Elliot Perlman's new novel, Maybe the Horse Will Talk has a jovial tone that clashes with the serious subject matter

Author Elliot Perlman. Picture: Supplied

Author Elliot Perlman. Picture: Supplied

The intriguingly titled Maybe the Horse Will Talk is set firmly within the legal and business world of Melbourne. It is still comparatively rare to have novels that have workplaces as their central locale (police procedurals aside) and Perlman is to be commended for dealing with a world where so many of us spend at least one-third of our waking hours.

One-third or many, many more hours, as the novel focuses on junior commercial lawyers working impossibly hard, under constant threat of dismissal. The novel opens with the memorable line, "I am absolutely terrified of losing a job I absolutely hate". The speaker (or thinker) is Stephen Maserov, and it is his immersion in the ruthless corporate world that the novel follows over a period of a few months.

At the centre of the work is the question of sexual harassment in the workplace and the difficulty women face in having perpetrators brought to account. The appalling behaviour of a man who is a serial offender has caused several employees to move on from their jobs at a construction firm, and legal proceedings may or may not proceed against him.

While the seriousness of the conduct is outlined, the overall jovial tone of the book is rather grating in light of this central concern. Humour is present in many forms, from the absurd name of the legal company where Maserov works, 'Freely Savage Carter Blanche', to witty conversation, to social observation, particularly of different classes and suburbs, but also of literature itself. For example, the description of a "novel about a small boat that cruised the canals of Paris in search of bookshops only to dock, somehow, in Tuscany. It managed to have 'bookshop', 'Paris', 'Tuscany' and 'love' in the title". Here the humour is not directly related to the sexual harassment case, which is refreshing. We can even picture the misty cover of that non-existent book from these lines - very different from the BoJack Horseman-like cover of Perlman's novel.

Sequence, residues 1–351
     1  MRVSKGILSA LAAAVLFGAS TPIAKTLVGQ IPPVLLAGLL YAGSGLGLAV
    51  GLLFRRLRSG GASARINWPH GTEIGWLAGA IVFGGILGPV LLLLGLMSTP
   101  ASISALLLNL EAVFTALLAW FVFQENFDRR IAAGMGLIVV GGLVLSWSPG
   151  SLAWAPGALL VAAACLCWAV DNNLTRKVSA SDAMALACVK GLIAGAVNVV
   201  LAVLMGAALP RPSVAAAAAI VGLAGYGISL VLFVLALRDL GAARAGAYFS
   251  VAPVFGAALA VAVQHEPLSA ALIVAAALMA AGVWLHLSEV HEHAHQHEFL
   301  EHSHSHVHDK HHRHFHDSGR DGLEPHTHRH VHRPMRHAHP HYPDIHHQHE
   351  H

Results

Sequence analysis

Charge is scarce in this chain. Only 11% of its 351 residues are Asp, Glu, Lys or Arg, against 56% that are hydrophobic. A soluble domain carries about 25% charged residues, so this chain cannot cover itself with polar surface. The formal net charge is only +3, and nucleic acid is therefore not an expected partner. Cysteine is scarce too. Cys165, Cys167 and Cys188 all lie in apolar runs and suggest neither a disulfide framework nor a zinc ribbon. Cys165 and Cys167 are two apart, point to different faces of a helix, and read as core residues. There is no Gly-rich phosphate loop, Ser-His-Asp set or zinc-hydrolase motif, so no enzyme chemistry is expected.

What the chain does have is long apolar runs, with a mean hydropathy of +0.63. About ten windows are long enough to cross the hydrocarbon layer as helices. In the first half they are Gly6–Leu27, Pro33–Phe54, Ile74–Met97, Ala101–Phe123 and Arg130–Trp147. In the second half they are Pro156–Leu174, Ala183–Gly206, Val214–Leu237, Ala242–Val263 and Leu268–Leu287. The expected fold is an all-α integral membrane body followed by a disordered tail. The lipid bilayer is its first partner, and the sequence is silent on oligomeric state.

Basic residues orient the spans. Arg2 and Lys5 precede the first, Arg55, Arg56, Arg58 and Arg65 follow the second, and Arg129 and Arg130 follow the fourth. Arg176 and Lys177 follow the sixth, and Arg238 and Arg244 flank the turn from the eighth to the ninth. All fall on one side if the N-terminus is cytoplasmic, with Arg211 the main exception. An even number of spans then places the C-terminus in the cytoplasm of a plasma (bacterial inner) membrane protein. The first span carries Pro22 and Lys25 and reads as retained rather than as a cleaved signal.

The social observation in Maybe the Horse Will Talk is not fully matched by believable familial or love scenes. The central character, attempting to navigate his way in the corporate world, is not particularly likeable, yet is portrayed as inexplicably attractive to some women.

As to the origin of that wonderful title, readers will have to discover that for themselves, and find out if the horse does in fact talk by novel's end. Unfortunately, though, the emphasis on comedy clashes with the subject matter, making for a somewhat disappointing experience along the way.

  • Penelope Cottier is a poet known as PS Cottier, who has a law degree in a cupboard somewhere.
  • Maybe the Horse Will Talk, by Elliot Perlman. Penguin. $32.99.
This story Clash of humour with subject matter falls flat first appeared on The Canberra Times.